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Started by Arturo G., January 04, 2006, 08:04:49 PM
Quote from: Arturo G. on January 04, 2006, 08:04:49 PMI have noticed that most towns have some characters involved with sins or sorcery who want the same thing: "to keep the Dogs away" (or something equivalent). I think I have a terrible burden due to playing classical "investigation" games (Call of Cthulhu and so). Thus, I'm making the mistake of "overprotecting" those NPCs. Sometimes avoiding them to appear too early, or diverting the attention from them. Sometimes making them look very normal normal, or lying very well, confunding the dogs. Of course these kind of actions work against the enjoyment. The players get distracted from which is important, leading to some dull play before they come back to that NPCs.I know that I should proactively show the town troubles to the Dogs, but I don't have the feeling that sorcerers should be discovered as soon as approached. As soon as the Dogs begin to ask them questions they will notice something strange and immediately it goes to a conflict where everything is revealed. Specifically in the case of sorcery, if that sorcery is the main focus of the town (as in the third example), the play may easily end with some quick killings, with the players not understanding too much about the original situation except that they have killed some sorcerers and the town is clean.Please, some advice?Arturo
QuoteThe session is far from over when the bodies hit the dust.
Quotea) have the character employ misdirection, making the Dogs think that the problem is over there, not with them.b) have the character send some one else to keep the Dogs away from the first character.c) have the character run and hide.d) have the character walk right up to the Dogs, the first person they meet in the town, and give them just enough dirt on the other people that the Dogs run off to "investigate" the leads.
QuoteNow here I have a question - I see DitV as about player choice, and those moral choices drive the story. Yes the bad guys try to hide, and yes they use all kinds of subterfuge, but don't make them too successful at it, or as you rightly suggest the players get stymied an go off chasing red herrings. Make them see that killing the Sorcerers will have repercussions, and will not solve the bigger picture maybe, by your description? Or let them feel clever and blow them away. Its not an elegant solution, and will leave much left to do, or undo. Finding the big bad guy is NOT the aim of the game as I read it, so I'd go with it, and just step back. The session is far from over when the bodies hit the dust.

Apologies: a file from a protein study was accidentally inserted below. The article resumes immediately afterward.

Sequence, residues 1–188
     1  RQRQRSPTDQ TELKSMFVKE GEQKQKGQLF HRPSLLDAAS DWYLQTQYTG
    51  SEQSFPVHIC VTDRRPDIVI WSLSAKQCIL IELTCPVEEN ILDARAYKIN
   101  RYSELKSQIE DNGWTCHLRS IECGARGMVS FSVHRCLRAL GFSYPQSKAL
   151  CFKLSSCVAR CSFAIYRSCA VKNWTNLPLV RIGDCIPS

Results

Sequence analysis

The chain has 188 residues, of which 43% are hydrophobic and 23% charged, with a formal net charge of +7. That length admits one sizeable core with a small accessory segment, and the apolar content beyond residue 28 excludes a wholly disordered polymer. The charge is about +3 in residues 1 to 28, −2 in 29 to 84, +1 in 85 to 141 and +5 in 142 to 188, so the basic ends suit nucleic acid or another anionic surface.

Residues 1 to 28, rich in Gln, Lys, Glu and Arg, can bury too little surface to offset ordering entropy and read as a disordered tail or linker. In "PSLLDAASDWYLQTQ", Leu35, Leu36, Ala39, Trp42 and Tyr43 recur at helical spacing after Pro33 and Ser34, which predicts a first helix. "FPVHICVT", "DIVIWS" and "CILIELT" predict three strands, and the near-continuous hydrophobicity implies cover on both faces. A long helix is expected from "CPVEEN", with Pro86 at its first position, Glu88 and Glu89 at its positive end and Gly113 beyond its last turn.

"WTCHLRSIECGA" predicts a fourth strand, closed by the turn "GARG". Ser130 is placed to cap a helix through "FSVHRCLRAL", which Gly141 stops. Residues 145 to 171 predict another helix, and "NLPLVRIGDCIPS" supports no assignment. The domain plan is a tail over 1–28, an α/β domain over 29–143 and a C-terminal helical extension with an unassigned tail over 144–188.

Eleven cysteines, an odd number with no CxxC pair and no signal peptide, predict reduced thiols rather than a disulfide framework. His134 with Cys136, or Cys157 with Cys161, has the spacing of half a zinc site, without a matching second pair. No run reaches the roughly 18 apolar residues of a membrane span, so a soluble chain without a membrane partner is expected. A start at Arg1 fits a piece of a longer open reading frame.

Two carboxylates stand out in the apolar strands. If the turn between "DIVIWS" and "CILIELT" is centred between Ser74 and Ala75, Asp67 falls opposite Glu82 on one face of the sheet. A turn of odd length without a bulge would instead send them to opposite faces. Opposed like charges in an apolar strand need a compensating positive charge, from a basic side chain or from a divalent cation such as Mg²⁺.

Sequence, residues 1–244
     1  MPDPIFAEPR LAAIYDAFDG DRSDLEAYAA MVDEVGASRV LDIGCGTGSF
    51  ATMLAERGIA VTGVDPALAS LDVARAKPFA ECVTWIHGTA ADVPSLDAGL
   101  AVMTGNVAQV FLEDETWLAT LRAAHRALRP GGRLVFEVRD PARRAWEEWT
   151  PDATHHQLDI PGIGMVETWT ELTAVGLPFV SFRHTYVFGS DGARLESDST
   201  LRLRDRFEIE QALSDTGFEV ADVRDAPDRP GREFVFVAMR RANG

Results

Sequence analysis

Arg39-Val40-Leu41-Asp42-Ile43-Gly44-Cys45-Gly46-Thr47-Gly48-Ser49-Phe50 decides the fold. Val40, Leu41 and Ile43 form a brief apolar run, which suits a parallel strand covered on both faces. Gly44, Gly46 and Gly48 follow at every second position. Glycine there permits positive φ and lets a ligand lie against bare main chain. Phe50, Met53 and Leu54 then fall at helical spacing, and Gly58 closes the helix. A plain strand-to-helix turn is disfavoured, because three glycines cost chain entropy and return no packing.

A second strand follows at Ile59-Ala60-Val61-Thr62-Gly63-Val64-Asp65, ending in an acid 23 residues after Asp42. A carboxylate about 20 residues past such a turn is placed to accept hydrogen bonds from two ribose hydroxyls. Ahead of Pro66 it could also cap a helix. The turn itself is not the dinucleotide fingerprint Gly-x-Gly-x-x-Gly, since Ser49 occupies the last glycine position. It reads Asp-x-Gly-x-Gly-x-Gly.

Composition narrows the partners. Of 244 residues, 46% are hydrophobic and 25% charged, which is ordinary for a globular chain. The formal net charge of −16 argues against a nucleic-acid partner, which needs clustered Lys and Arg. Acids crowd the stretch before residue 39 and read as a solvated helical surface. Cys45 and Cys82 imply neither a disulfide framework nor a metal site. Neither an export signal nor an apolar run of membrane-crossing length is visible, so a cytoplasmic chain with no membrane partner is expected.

QuoteAnother option is to give the players a town that doesn't have a big bad. Quoting myself from this thread:I ran a town a little while back that went from Pride all the way up to sin. I can't remember the exact details, but it was something to do with corn liquor. I think the pride was "I deserve a little relaxing after a long day's work" or something similar.
QuoteAlso, for those NPCs have it so that when the Dogs question or otherwise interact with them, throw up a conflict at them with some Stakes like "Do the Dogs leave the NPC alone?" or something similar ("Do I convince the Dogs that Br.Jacob is a Sinner?", maybe).
QuoteNow this conflict should tag to the players that this NPC is interesting, but the character has done their damnest (as shown by the Conflict) to keep the Dogs away, and hence follow their motivations.
Quote from: lumpley on January 05, 2006, 03:15:11 PMYeah.How do you play an NPC who wants to keep the Dogs away? You play her as someone who is absolutely bound to fail. You show a cold authorial disregard for her wants and needs. You launch conflicts that she'd really, really wish you wouldn't even launch. You say "there's nobody interesting at all in the meetinghouse, just a bunch of praying Faithful. One of them is Sister Maybeth, she looks just like all the others in every way, but man ALIVE does she hope you don't notice her." You say "you walk into the circle of people standing around the gallows. Conflict! What's at stake is, does Brother Ephraim accidently catch your notice, like he's trying so hard not to?"Then you have them scream at the Dogs to go away and mind their own business, shoot at the Dogs, lie to the Dogs, and just generally put themselves squarely in the Dogs' field of vision.-Vincent
QuoteFirst off, the NPC whose sole objective is to eject the protagonists from the relationship map is a problematic NPC, with one foot in a not-so-narrativist "prove to me you're a protagonist" GM mindset, rather than a presumption of protagonism mindset. They're characters with triggers, vague and unengaging until the trigger is found, forcing players into blind hunt-for-the-trigger play, and if/when they're found out they explode like cornered rats. There isn't a lot of watchability to that story, so personally I no longer create these kinds of NPCs. What you want are NPCs who can interact with the protagonists and be unfolded to the interest of the audience of players by those interactions.